Phil MeekinView Profile
In simple terms this involves all the company assets being sold for the benefit of the creditors. In order to avoid this, the directors appointed an Administrator. It is the first football club in the English Premiership League to go into administration.
Portsmouth FC has had a bumpy ride recently. I’m not just referring to their position at the bottom of the Premier League table. Firstly Her Majesty’s Revenue and Customs threatened to have the company compulsorily wound up.
In simple terms this involves all the company assets being sold for the benefit of the creditors. In order to avoid this, the directors appointed an Administrator. It is the first football club in the English Premiership League to go into Administration.
What does the procedure mean? Well, it is very often a last resort. The directors or secured creditors, ask the High Court to place it in Administration, usually having exhausted all other avenues. The Administrator, an insolvency practitioner, is then appointed to run the club. In this case, the directors of Portsmouth are hoping to see if the Administrator can salvage the club’s finances by cutting costs. HMRC do not share this view and will challenge the Administrator’s appointment on the basis that it is invalid.
An Administration is a temporary arrangement, often pending a possible sale of assets or the business or restructuring it in some way. Frequently, the Administrator ultimately becomes the Liquidator. This is may be because it is a lost cause despite all efforts. Although, sometimes it is better to close down what is left, after viable parts have been sold off.
In Deloitte’s recent Top 20 earning clubs, the highest earner, Barcelona, had annual revenue exceeding €400m. And there were no less than seven English teams in that list. There are many larger businesses but these figures are still significant.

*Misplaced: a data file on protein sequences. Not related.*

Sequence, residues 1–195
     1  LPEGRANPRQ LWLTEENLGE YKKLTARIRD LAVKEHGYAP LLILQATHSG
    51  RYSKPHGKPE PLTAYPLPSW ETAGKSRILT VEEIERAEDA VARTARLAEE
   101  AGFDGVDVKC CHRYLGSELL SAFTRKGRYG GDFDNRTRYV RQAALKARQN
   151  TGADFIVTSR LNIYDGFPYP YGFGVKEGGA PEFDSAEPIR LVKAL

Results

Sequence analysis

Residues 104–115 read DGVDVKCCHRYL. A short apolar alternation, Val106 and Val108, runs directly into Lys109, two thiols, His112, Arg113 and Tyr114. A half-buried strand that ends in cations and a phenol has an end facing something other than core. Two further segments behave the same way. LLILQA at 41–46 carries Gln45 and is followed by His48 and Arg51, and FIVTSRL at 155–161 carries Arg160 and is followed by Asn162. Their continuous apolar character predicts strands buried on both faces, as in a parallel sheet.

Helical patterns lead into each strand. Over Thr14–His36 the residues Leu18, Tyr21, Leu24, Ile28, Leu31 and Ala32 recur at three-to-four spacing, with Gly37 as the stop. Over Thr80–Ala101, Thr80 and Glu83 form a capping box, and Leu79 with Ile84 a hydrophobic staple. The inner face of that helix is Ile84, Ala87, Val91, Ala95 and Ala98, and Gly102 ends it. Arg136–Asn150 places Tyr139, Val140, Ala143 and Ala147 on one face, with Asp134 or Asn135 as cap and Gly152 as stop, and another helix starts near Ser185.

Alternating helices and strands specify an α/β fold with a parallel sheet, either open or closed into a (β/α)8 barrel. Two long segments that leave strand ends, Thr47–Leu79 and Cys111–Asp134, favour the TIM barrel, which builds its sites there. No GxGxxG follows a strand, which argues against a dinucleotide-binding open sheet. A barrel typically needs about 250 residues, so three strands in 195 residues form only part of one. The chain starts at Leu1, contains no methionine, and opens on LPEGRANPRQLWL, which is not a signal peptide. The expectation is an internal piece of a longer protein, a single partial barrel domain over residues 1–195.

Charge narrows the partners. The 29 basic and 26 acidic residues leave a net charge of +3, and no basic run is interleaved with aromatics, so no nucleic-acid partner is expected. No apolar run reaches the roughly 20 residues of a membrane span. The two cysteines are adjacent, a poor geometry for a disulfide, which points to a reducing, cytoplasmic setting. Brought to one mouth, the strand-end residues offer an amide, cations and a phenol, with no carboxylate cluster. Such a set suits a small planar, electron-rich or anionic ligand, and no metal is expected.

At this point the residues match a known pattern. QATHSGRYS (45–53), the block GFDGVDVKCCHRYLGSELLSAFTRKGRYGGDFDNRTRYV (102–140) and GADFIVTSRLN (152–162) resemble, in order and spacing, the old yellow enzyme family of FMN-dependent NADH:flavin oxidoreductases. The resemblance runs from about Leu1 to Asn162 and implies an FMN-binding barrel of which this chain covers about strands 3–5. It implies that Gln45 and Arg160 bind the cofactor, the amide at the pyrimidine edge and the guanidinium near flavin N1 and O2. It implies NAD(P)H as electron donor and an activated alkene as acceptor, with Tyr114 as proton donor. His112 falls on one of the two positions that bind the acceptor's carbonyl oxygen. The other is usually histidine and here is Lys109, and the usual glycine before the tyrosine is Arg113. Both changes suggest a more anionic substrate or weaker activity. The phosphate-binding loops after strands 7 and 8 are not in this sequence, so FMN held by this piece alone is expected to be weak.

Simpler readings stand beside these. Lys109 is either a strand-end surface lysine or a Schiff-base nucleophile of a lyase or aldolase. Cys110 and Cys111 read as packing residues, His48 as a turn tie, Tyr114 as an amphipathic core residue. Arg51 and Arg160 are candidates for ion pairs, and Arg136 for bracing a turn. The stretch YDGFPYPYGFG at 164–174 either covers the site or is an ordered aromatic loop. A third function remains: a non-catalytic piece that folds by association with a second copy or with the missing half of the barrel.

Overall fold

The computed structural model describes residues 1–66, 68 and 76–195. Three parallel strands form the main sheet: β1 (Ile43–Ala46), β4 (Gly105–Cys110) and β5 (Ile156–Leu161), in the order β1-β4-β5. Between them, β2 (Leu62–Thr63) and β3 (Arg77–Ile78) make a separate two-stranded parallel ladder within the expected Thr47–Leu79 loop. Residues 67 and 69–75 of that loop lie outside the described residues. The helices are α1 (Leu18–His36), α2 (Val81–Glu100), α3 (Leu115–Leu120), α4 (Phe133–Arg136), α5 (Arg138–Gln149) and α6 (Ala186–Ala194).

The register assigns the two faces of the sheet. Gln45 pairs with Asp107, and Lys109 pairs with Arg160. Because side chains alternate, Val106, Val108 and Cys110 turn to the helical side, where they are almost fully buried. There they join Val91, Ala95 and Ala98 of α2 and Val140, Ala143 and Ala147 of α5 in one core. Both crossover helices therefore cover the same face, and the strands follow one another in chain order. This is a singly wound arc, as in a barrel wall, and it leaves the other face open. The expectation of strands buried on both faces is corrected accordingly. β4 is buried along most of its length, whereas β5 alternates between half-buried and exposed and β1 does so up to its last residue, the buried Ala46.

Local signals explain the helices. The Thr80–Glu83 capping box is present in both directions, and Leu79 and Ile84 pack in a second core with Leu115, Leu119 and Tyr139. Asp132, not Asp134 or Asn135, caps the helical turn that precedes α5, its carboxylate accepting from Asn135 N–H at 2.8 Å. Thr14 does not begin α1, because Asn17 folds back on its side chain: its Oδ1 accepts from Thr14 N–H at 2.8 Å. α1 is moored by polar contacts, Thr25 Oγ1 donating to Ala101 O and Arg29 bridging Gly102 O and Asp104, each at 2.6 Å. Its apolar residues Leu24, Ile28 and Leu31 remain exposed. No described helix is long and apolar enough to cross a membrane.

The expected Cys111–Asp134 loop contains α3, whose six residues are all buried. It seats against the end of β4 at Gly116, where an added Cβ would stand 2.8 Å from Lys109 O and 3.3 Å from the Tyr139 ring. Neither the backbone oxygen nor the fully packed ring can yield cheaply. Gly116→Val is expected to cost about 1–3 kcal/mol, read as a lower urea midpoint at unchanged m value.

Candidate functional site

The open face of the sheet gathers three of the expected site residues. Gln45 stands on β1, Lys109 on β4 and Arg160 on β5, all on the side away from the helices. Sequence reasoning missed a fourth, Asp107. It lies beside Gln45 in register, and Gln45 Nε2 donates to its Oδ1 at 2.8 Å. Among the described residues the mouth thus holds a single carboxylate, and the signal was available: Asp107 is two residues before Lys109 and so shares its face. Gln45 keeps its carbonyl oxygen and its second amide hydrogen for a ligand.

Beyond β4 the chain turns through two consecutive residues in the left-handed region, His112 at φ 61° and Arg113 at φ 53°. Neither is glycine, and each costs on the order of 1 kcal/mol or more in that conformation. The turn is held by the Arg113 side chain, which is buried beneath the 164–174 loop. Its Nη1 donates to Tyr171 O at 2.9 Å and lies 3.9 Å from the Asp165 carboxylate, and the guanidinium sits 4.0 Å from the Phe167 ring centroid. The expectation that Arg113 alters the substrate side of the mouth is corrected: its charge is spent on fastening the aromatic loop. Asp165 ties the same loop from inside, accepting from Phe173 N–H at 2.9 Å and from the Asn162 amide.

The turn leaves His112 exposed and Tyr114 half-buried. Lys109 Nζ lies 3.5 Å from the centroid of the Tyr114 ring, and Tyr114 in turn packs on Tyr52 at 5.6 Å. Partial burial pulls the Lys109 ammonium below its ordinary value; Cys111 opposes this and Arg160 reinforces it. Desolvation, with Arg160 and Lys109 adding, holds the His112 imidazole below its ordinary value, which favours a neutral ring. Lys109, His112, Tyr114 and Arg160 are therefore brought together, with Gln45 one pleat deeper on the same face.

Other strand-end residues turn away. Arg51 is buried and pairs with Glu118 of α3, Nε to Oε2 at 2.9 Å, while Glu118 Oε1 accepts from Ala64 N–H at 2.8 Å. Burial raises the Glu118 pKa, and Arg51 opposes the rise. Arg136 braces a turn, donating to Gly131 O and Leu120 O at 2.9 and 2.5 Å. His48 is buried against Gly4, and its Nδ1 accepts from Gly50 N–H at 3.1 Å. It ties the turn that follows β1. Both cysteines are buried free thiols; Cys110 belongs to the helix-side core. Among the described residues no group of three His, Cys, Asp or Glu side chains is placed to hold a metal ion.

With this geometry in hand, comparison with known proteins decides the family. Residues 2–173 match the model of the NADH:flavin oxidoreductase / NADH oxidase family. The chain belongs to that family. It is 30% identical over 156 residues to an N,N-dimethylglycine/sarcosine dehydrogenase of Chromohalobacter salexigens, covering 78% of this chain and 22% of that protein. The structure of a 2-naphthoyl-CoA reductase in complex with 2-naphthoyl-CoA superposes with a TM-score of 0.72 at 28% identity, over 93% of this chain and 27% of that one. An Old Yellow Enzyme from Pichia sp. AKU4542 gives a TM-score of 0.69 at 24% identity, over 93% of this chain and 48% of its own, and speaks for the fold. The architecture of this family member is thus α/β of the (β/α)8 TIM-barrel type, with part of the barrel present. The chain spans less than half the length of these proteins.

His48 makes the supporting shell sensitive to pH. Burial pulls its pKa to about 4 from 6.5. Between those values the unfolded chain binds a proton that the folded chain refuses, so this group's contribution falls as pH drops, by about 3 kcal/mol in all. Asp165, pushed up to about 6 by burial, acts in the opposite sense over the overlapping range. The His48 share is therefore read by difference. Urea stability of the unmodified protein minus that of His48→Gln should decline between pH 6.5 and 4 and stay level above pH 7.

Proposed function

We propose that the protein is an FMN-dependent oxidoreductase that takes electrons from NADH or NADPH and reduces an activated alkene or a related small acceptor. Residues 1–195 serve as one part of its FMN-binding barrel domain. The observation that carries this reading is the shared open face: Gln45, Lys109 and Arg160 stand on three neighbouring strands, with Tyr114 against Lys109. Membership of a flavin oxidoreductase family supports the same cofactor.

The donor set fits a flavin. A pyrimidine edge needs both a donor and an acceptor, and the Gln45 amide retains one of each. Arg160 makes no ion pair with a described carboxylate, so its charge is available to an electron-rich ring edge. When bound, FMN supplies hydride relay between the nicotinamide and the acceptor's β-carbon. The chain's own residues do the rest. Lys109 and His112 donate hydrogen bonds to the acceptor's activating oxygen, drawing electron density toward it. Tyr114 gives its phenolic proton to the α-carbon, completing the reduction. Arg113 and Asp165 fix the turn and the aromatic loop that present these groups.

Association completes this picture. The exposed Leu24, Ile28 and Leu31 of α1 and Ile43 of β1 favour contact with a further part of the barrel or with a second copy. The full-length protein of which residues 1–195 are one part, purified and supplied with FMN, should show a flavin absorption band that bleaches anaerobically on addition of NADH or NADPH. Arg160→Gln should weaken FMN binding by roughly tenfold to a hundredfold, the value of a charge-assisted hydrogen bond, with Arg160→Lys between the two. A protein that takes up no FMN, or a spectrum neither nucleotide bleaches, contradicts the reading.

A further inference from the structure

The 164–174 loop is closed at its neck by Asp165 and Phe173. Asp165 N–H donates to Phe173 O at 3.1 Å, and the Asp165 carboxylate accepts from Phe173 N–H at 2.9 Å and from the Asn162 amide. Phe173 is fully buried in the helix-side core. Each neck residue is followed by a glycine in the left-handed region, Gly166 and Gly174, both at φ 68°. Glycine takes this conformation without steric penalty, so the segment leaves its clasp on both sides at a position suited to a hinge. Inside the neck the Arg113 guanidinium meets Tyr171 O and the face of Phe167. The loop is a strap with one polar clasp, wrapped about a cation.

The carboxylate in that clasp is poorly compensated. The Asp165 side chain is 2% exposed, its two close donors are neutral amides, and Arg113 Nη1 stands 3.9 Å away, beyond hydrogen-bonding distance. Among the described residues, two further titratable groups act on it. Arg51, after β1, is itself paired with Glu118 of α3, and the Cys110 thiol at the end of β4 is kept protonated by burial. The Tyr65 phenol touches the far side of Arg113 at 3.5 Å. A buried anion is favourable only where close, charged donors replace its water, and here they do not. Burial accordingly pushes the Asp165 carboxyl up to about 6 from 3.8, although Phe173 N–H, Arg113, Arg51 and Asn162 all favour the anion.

As with many industries, football has its own quirks. One common characteristic which regularly features is the fact that some directors of football and rugby clubs often let their hearts rule their heads. The very same people who are balanced, level-headed business owners and managers – with proven track records – make decisions which they would never condone in their own companies. Perhaps the degree of influence the clubs’ “customers” (ie fans) have is underestimated, whose judgment is based on sporting prowess measured against other clubs rather than financial performance and stability. Indeed, there are those who argue football clubs should operate on a not-for-profit basis, for the benefit of their local community. It is not just the fans – everybody has an opinion as to what is the best for the club.
Another peculiarity which irks many creditors (particularly HMRC) is the fact that to enable clubs to remain part of the Football League (and hence secure their continued existence) all “footballing debts” need to be settled in full. This is not part of insolvency law, they are just rules dictated by the FA or Football League. Consequently, other creditors often find themselves very reluctantly agreeing to the FA having all footballing debts settled in full and front of their own indebtedness simply to secure the club’s future.
In recent years, Wilson Field have acted as Administrators for Gretna FC and Darlington FC. Alos, one of our five Licensed Insolvency Practitioners, David Elliot, administered Carlisle United.